Monday, September 2, 2013

Why (in part) teaching is emotionally laborious

Teaching is hard work. Most of you probably know that. But as time goes on, it becomes increasingly evident to me that teaching is emotionally difficult work.

This piece by Kevin Brown illustrates some of the reasons why teaching is emotionally taxing. Most of us like instant gratification. For the most part, the gratification that comes from teaching is at best long term, if it comes at all:

Granted, we do see many students we teach walk across the graduation stage and receive their diploma.  Some of them keep in touch with us, especially via social media these days, and we hear how their time in our classes made a difference in their lives.  In some cases, they even become our colleagues in the fields we love.However, for the most part, the students who come through our classes disappear from our lives, going on to live theirs. We do not know if the quadratic equation or Kohlberg’s Theory of Moral Reasoning orThe Scarlet Letter made a difference in their lives. We do not know if we taught them to think more critically about the world they live in, helped them to speak or write more clearly and more accurately. Essentially, our teaching is an act of faith in the same way that the craftsmen’s work once was.

Simultaneously, the work of teaching is an act of faith in the further sense that the labors of teaching go largely unappreciated because, when done well, the work is largely invisible to its beneficiaries:

Students do not see much of the work we professors do, nor do administrators or the public. We do our research in our offices, laboratories, homes, or libraries, largely alone; we spend hours reading and preparing lectures, class discussions, exams, and paper assignments that appear effortless; we work on committees that help make our universities and communities stronger; we spend summers reading in our fields or about teaching, working to improve for the coming school year.  Much of what we do is unseen, especially by students, yet we do the work to the best of our ability, knowing that the work is important in and of itself.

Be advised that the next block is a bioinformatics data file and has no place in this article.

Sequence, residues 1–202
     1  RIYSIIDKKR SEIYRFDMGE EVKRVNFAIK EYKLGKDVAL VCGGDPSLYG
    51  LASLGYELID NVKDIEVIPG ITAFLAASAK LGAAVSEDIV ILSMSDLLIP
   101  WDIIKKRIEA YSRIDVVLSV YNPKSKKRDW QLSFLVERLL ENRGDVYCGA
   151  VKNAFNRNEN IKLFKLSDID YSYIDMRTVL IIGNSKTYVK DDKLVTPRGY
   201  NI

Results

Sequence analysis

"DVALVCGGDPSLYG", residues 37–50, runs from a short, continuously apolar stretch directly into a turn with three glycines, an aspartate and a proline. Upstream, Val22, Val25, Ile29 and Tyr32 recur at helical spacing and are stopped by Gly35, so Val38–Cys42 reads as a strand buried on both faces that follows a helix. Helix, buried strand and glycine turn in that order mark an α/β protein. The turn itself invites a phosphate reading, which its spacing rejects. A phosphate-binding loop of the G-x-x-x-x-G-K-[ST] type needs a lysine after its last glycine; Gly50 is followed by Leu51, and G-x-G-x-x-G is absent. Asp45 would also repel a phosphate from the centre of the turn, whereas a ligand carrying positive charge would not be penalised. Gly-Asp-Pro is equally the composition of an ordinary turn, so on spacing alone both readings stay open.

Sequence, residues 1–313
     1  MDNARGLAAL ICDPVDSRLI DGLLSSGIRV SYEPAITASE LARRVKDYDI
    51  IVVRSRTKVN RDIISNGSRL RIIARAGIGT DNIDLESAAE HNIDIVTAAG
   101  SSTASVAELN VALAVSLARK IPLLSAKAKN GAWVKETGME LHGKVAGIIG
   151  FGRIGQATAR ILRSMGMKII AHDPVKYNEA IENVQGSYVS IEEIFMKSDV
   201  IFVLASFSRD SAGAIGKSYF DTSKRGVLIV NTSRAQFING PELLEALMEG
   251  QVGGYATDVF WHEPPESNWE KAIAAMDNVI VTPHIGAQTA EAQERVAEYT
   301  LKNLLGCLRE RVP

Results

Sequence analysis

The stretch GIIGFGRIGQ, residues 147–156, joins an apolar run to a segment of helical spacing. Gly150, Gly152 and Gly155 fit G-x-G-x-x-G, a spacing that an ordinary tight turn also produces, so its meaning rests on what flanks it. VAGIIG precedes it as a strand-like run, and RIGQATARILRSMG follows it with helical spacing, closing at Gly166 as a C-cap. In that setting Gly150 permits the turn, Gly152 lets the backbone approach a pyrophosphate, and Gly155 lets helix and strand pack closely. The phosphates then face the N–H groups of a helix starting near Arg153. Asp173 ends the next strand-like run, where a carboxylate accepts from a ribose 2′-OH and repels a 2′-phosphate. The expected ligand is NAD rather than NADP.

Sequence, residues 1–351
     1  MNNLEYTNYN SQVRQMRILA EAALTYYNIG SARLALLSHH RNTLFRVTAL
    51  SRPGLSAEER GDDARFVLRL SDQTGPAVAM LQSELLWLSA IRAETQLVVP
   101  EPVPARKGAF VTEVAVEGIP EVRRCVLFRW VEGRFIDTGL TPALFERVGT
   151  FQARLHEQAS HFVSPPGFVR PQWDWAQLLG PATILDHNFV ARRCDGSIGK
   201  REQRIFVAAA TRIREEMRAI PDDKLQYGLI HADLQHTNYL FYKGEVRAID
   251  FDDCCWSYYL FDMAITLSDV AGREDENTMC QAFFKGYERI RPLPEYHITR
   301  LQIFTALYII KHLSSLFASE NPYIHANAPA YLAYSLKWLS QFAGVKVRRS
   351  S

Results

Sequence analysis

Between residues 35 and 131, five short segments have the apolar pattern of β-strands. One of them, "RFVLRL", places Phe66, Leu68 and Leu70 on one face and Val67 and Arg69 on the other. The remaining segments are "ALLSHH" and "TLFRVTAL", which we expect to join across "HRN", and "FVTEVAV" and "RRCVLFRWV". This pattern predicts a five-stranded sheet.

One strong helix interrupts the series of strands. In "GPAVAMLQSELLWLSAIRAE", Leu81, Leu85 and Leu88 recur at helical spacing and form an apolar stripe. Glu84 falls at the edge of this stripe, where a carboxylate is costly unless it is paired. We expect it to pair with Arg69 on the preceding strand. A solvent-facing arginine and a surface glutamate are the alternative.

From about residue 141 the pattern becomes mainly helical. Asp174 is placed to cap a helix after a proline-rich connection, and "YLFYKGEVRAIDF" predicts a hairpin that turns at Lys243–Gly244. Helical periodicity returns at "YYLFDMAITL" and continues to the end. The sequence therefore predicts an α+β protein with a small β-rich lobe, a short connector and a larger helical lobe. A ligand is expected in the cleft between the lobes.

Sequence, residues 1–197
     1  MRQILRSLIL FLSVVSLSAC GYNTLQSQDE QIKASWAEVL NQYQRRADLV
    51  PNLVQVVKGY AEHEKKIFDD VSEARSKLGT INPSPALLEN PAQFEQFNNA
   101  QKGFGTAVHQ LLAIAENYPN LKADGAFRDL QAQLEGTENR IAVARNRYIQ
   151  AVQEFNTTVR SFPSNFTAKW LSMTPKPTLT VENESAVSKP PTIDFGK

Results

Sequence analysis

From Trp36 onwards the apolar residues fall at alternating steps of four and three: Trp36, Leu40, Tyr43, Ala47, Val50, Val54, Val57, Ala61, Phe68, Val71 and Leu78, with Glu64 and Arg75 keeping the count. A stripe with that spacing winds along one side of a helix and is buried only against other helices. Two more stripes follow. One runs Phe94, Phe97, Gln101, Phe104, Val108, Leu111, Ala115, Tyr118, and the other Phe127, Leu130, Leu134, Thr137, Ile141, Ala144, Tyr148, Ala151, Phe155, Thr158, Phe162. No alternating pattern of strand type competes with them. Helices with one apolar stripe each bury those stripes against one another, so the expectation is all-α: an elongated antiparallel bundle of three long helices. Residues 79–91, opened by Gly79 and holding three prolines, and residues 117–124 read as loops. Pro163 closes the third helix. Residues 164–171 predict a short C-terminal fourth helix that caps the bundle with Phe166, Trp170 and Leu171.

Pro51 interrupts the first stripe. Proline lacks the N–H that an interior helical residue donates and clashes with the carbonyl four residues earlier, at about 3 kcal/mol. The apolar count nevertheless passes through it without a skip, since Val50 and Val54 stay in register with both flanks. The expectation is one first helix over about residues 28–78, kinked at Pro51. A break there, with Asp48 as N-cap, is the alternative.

To teach, then, is to engage in an enterprise whose rewards, while real, are often difficult to discern and whose demands are rarely understood by its beneficiaries. No wonder burnout is such a powerful occupational hazard!

1 comment:

  1. Thanks for this post. It suggests that a career tends to be satisfying insofar as there are short-term observable fruits of one's labor. I did some Googling around about the typical characteristics of satisfying careers and jobs and haven't yet found much mention of this as a typical requirement for a satisfying career. It makes sense that it would be (one reason to doubt is that there seem to be so many jobs that don't really meet this standard.. but perhaps these are jobs that many people find not fulfilling!), but I'm not finding much to support that. Is there support for this?


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